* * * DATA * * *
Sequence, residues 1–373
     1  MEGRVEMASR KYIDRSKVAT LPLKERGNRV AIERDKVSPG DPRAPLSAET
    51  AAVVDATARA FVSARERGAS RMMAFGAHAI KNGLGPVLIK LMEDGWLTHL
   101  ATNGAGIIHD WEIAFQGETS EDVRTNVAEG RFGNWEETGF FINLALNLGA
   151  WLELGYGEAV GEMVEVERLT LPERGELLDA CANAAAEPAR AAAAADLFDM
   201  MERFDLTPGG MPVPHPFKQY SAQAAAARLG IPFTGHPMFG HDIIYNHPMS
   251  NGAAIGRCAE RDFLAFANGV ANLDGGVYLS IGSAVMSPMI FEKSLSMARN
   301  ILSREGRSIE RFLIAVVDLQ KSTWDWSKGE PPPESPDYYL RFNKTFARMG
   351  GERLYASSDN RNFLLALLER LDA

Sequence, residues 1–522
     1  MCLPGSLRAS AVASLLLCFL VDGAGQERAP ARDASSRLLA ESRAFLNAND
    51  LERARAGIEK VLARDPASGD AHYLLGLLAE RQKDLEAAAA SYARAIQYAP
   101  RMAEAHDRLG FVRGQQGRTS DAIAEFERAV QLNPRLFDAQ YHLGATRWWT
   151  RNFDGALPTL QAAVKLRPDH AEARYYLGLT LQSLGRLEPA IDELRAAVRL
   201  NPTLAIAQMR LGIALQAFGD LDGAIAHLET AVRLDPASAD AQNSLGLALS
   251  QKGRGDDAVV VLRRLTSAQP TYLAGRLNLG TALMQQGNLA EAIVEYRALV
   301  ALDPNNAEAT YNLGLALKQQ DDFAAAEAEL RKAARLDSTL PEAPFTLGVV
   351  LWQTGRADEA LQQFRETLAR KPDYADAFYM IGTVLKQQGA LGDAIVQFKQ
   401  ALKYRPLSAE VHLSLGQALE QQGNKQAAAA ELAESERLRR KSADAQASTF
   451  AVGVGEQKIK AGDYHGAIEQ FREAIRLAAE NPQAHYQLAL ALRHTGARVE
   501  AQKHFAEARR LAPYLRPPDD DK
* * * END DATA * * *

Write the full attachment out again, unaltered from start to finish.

Sequence, residues 1–373
     1  MEGRVEMASR KYIDRSKVAT LPLKERGNRV AIERDKVSPG DPRAPLSAET
    51  AAVVDATARA FVSARERGAS RMMAFGAHAI KNGLGPVLIK LMEDGWLTHL
   101  ATNGAGIIHD WEIAFQGETS EDVRTNVAEG RFGNWEETGF FINLALNLGA
   151  WLELGYGEAV GEMVEVERLT LPERGELLDA CANAAAEPAR AAAAADLFDM
   201  MERFDLTPGG MPVPHPFKQY SAQAAAARLG IPFTGHPMFG HDIIYNHPMS
   251  NGAAIGRCAE RDFLAFANGV ANLDGGVYLS IGSAVMSPMI FEKSLSMARN
   301  ILSREGRSIE RFLIAVVDLQ KSTWDWSKGE PPPESPDYYL RFNKTFARMG
   351  GERLYASSDN RNFLLALLER LDA

Sequence, residues 1–522
     1  MCLPGSLRAS AVASLLLCFL VDGAGQERAP ARDASSRLLA ESRAFLNAND
    51  LERARAGIEK VLARDPASGD AHYLLGLLAE RQKDLEAAAA SYARAIQYAP
   101  RMAEAHDRLG FVRGQQGRTS DAIAEFERAV QLNPRLFDAQ YHLGATRWWT
   151  RNFDGALPTL QAAVKLRPDH AEARYYLGLT LQSLGRLEPA IDELRAAVRL
   201  NPTLAIAQMR LGIALQAFGD LDGAIAHLET AVRLDPASAD AQNSLGLALS
   251  QKGRGDDAVV VLRRLTSAQP TYLAGRLNLG TALMQQGNLA EAIVEYRALV
   301  ALDPNNAEAT YNLGLALKQQ DDFAAAEAEL RKAARLDSTL PEAPFTLGVV
   351  LWQTGRADEA LQQFRETLAR KPDYADAFYM IGTVLKQQGA LGDAIVQFKQ
   401  ALKYRPLSAE VHLSLGQALE QQGNKQAAAA ELAESERLRR KSADAQASTF
   451  AVGVGEQKIK AGDYHGAIEQ FREAIRLAAE NPQAHYQLAL ALRHTGARVE
   501  AQKHFAEARR LAPYLRPPDD DK